What you need to know:
- Pundits say Ruto blames the Uhuru regime while at the same time walking in his footsteps.
- President William Ruto's administration is struggling to explain unfulfilled election campaign promises.
President William Ruto’s administration – which swept to power on promises of easing the cost of living – has found itself blaming international market forces and misgoverning by the previous regime for failure to implement some of its pledges.
Top government officials have in the recent past resorted to blaming forces beyond the one-year old administration’s control for the rising cost of living against their pre-election pledges.
Former President Uhuru Kenyatta has since emerged as a constant bogeyman for the failure by Kenya Kwanza administration to implement some of the lofty promises they made in the run up to the last general election.
High fuel prices in the international market, borrowing spree by the Jubilee administration, subsidies programmes by Mr Kenyatta and of late, the Israel - Palestine war, are some of the excuses they are citing for the current hard economic times.
Some top government officials have ended up contradicting themselves on the true position on some of the issues, like the cost of crude oil in the international market.
Impact of the government-to-government deal for supply of fuel has also become controversial as the shilling continues to weaken against the dollar, contrary to what the State had envisioned.
President Ruto in his State of the Nation address on Thursday blamed Mr Kenyatta for allegedly plunging the country into an “avoidable debt hole” by engaging in reckless borrowing.
“We must admit that as a country, we had been living large and way beyond our means. The time has come to retire the false comforts and illusory benefits of wasteful expenditure, and counterproductive subsidies on consumption by which we dug ourselves deeper into the hole of avoidable debt,”said Dr Ruto who served as the Deputy President during the 10-year Jubilee rule.
In February 2018, Dr Ruto defended the Jubilee government on its borrowing spree that by the time sunk the country into a Sh4.8 trillion debt.
“There’s been a lot of debate on the government’s borrowing. I want to assure Kenyans that before borrowing, the government made projections on what we need to spend on and our ability to pay that loan. I can reassure Kenyans that we want to initiate development projects that will spark economic growth in the country,” said then DP Ruto.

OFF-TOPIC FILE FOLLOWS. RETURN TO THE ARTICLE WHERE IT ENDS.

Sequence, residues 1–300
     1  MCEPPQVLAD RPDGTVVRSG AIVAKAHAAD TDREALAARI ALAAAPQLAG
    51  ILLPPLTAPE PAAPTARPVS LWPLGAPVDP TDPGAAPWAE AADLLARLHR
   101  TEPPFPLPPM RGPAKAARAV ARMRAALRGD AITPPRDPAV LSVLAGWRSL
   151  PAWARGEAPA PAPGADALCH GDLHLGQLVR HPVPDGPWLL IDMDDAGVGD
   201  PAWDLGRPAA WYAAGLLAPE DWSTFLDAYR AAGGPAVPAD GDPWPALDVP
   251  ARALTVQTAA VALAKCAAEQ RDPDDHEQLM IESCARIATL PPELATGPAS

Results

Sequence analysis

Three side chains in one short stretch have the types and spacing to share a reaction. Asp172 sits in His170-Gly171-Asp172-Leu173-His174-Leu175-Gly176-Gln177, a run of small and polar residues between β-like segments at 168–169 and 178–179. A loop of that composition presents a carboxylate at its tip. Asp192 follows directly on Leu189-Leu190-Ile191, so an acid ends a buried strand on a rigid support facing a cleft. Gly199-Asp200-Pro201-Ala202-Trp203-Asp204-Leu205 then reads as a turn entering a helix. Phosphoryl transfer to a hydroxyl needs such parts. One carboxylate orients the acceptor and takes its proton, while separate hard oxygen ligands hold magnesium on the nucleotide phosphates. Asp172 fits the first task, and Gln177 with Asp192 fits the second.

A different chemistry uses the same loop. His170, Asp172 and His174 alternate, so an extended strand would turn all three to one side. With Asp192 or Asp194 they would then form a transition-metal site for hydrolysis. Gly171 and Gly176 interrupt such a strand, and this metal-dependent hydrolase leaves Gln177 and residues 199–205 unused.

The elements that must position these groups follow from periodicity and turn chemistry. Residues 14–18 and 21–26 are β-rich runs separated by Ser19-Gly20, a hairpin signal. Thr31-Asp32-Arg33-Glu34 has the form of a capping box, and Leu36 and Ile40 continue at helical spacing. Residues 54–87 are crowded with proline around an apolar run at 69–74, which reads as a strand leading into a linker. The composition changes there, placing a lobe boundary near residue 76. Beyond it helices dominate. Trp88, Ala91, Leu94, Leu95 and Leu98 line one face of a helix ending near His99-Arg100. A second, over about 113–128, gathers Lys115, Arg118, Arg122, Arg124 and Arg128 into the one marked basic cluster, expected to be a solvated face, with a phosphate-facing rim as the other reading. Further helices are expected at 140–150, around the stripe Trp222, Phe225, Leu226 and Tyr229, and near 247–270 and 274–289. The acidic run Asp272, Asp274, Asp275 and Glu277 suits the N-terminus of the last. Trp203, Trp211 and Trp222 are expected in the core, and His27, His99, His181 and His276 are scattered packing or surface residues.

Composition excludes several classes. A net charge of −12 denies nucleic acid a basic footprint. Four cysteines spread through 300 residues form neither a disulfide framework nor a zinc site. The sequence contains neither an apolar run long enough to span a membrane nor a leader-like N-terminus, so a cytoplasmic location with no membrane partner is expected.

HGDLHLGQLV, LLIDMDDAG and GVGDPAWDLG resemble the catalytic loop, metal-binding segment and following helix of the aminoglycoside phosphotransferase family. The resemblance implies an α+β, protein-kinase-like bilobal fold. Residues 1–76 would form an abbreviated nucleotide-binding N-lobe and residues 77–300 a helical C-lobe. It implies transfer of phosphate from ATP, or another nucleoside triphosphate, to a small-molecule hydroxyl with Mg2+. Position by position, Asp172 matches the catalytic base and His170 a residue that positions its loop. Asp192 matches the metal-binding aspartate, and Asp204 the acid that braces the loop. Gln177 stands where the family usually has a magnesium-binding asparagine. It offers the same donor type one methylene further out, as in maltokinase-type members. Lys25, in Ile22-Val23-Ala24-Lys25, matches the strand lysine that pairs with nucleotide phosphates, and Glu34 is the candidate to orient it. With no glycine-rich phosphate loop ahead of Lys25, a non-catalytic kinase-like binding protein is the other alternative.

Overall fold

He made the remarks after the government had successfully issued the Euro Bond II at the London Stock Exchange.
The President’s economic advisor, Dr David Ndii, in a series of tweets, said there is no solution to the debt burden left by the previous administration, and that the taxpayers have to deal with the consequences since revenue being collected is channeled towards clearing the debts.
“So how have we paid our ways? No prices for guessing. Public debt. Eurobonds and syndicated loans. Up from zero when Uhuru took over to $10 billion today. Last year, just before the election, the government called off $1.1 billion Eurobond. That liquidity crunch is still biting,” said Dr Ndii.
“A $2billion is due June 2024, the largest bond maturity in Africa next year. That is Uhuru’s legacy, whether you want to hear it or not. And there are no solutions, only consequences,” he tweeted.
He also said that the government-to-government deal in buying crude oil was not meant to stabilise the Kenyan shilling.
“Contrary to the noise about the slide despite the petroleum government-to-government, we did not set out to stabilise the foreign exchange market i.e availability of foreign exchange, restore the interbank market and clean the float. We have achieved the first, and good progress on two and three. Without government-to-government, we would be where Ghana is,” he posted on X platform (formerly Twitter).
Other government officials, including the President, had in April said the deal signed in March with Saudi Aramco, Abu Dhabi Oil Company (Adnoc) and Emirates National Oil Company (Enoc) to supply fuel to Kenya for a period of nine months with a six-month grace period, would help to stabilise the shilling.
“From this month of April, all our fuel marketers and other players in the space will be able to buy fuel products in Kenya shillings. This will remove pressure on the dollars. In fact, in the next one month or so, we will see the exchange coming down in a very phenomenal way. In my estimation, in the next couple of months, the exchange rate will come down to below Sh120, maybe Sh115, you never know,” said President Ruto.
On the high fuel prices, Energy Cabinet Secretary Davis Chirchir told the National Dialogue Committee early this week that the prices could go up as a result of the ongoing war between Israel and Palestine. He said the global market forces are beyond Kenya.
"We cannot do anything about the global pricing of petroleum which has soared from $70 per barrel to $80, and then to $90," CS Chirchir said. “The international prices of fuel could go up to $150. This would literally mean our petroleum prices could go up to Sh300 per litre at the pump. We hope it will not get there.” Petrol prices currently retail at Sh217.
Central Bank of Kenya (CBK) – a government institution, contradicted the position by the CS when it announced: “International oil prices declined during the week ending November 2, due to the dissipating impact of the war between Israel and Palestine. Murban oil price declined to $87.24 per barrel on November 2 from $90.23 on October 26.”
Prof David Monda, lecturer at City University of New York, said the President needs to show leadership and fix the economic mess instead of apportioning blame.